Enjoying the damp, dark quiet of an unremarkable night, I’m walking alone on the sidewalk. It seems to move beneath my feet like a giant treadmill and I find myself feeling, although mobile, quite stationary. Lighted by street lamps and porch lights, the path ahead is clearly defined, empty, and normal; but somehow it seems as if my steps are being delivered at the sounding of my souls.
I imagine, briefly, the satisfying thud calling forth the next foot of Earth. Buildings drag by and cracks slip away – each sight eventually erased by a few swift steps and a blurry peripheral view. I picture the great gears associated with turning the ground and wonder how the track will be replaced after years of shoes like mine tear and fray it to shreds. I know this straight path will take me far enough to reach my house, but I wonder, then, how much farther I would have to walk until it looped around.
Just how large can this treadmill be? I ask myself. But then, more importantly:
How long, exactly, have I been doing homework?
I shake the imaginary treadmill from my consciousness and attribute its conception to the materials in my backpack. A drained laptop, a pair of worn notebooks, a scratched calculator, and a single dulled pencil; all remnants of an evening spent preparing for exams.
And now, as evening has turned to night, I’m drained. I realize that I’ve studied myself into a mild state of senselessness and now I’m paying for it with lucid visions of insanity.
I hold the conclusion for a moment, pitting the worth of grades against that of sanity. Not just for myself, but for everyone. From the particularly studios inhabitants of the library (in other words, not me) to the drunk porch inhabitants adding spark and zest to my walk. Grades are certainly important – I know – but there’s a balance to be found.
Because you can’t allow imagination – what I suddenly realized I had called senselessness – to become foreign. Otherwise it’s all down hill from here.
Deep Chocolate Cake adapted from Allrecipes
This is a very dense, moist and chocolaty cake. It’s my go-to, and it never EVER lets me down. The recipe below will make two 6-inch layers. Doubling it will produce, two 9″ layers.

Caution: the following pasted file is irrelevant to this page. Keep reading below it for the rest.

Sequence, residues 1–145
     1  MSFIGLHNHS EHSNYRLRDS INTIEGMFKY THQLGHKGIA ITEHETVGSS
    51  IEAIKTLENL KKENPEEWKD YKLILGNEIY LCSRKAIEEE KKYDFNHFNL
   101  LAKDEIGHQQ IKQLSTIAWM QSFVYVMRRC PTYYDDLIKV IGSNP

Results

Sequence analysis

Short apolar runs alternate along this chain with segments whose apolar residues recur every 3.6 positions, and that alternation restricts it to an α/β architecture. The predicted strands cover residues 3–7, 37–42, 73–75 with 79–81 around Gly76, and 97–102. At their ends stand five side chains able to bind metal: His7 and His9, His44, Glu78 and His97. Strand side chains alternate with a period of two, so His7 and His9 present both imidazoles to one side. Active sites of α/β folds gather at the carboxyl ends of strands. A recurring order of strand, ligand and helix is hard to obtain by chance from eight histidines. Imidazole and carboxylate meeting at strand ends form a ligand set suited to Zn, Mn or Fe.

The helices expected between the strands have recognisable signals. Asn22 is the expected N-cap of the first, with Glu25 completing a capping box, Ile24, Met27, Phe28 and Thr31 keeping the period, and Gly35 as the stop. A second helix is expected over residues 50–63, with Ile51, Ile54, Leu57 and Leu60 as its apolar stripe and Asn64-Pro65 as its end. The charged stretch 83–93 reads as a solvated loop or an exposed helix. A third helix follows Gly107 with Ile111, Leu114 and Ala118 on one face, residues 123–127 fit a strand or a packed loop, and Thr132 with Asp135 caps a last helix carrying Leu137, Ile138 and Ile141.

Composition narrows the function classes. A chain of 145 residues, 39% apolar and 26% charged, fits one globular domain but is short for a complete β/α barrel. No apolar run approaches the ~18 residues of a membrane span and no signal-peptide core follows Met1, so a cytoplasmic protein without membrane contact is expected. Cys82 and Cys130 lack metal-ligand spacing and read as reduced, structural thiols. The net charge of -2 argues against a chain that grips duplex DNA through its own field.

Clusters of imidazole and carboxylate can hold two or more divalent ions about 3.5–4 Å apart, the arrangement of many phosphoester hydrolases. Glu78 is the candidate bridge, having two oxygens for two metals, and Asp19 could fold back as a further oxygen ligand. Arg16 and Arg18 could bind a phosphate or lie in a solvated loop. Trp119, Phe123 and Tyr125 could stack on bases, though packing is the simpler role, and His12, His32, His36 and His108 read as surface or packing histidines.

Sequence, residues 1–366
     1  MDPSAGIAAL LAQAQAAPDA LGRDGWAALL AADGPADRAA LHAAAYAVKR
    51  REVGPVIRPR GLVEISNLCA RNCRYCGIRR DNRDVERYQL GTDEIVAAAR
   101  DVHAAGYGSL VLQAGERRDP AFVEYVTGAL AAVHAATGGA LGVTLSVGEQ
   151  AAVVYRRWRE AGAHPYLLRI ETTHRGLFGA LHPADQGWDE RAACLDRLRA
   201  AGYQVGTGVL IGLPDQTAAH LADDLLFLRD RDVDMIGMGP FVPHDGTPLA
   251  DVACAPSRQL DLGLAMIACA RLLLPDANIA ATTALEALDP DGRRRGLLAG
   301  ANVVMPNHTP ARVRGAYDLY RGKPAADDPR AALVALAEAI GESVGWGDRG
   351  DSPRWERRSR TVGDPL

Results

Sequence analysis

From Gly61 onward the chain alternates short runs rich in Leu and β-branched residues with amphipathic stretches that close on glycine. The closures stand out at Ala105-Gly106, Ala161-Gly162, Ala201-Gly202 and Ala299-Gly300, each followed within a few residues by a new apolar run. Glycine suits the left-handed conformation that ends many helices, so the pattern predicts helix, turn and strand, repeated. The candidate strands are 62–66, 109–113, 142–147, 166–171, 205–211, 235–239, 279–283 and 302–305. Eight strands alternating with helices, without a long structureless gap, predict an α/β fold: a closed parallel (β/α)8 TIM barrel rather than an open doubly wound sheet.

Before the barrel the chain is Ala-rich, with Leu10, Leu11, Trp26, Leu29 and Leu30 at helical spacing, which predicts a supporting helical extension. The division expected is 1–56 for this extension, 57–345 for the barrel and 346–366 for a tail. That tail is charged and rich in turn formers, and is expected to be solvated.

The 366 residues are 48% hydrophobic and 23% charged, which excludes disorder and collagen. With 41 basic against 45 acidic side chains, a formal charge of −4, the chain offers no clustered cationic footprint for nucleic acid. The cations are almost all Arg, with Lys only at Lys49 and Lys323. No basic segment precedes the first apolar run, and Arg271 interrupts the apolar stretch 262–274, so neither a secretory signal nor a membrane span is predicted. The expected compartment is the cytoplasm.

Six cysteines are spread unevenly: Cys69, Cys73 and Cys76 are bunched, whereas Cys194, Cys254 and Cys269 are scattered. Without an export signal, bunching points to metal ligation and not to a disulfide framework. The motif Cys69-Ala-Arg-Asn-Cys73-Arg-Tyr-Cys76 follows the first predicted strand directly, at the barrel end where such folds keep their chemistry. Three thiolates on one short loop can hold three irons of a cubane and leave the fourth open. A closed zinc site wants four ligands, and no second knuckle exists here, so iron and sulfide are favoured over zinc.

1 1/3 c (166 g) flour
3/8 c (33 g) unsweetened cocoa powder
1 1/2 tsp baking soda
1/4 tsp salt
1/2 c (118 g) butter, room temp
1 1/2 c (213 g) brown sugar, lightly packed
2 eggs, room temp
1 tsp vanilla
2/3 c (157 ml) sour cream, room temp
2/3 c (157 ml) hot coffee
Preheat oven to 350F (175C). Oil and line either two 6-inch pans. Set aside.
Sift together the flour, cocoa, soda and salt in a large bowl and set aside.
Cream the butter and sugar, until very light and fluffy, about 5 minutes. Add the eggs, one at a time, beating until very well incorporated. Add the vanilla. Being sure to scrape the bowl often, pour in a third of the dry ingredients, mix until just combined, then add half of the sour cream and mix until just combined. Repeat, then add the remaining dry ingredients. Gently stir in the hot coffee, and pour into prepared pans. Bake 35 to 40 minutes. Place baked cakes in pans on a cooling rack for ten minutes, then remove the cakes from the pans and allow to cool completely before continuing.
1/4 c (63 ml) water
1 c (210 g) sugar
5 egg whites
1/4 c (53 g) sugar
1 c (237 g) butter, softened, cut into small pieces
1 tsp vanilla
Place the egg whites in the bowl of a standing mixer.
Heat the 1 c sugar and water on the stove to 245F stirring occasionally only after the sugar has been dissolved. When it is within the range of 230F to 235F, begin whipping the egg whites. When they get to soft peaks, begin adding the remaining 1/4 c sugar and continue whipping to medium peaks, being careful not to overbeat. When the syrup is the correct temperature, slowly pour it into the eggs with the mixer on high. After the syrup is fully incorporated, beat the frosting 7-10 minutes until the outside of the bowl is room temp. Lower the speed to medium-low and begin adding the butter, tablespoon by tablespoon, beating until fully incorporated before adding the next piece. The frosting will deflate a little, but
it’s ok. Once all the butter has been added, return the speed to high and keep whipping until the frosting comes together. Add the vanilla and beat until incorporated.
Chill the cakes for at least two hours, then split them. Fill with Italian Meringue Buttercream and crumb coat. Frost and serve at room temp.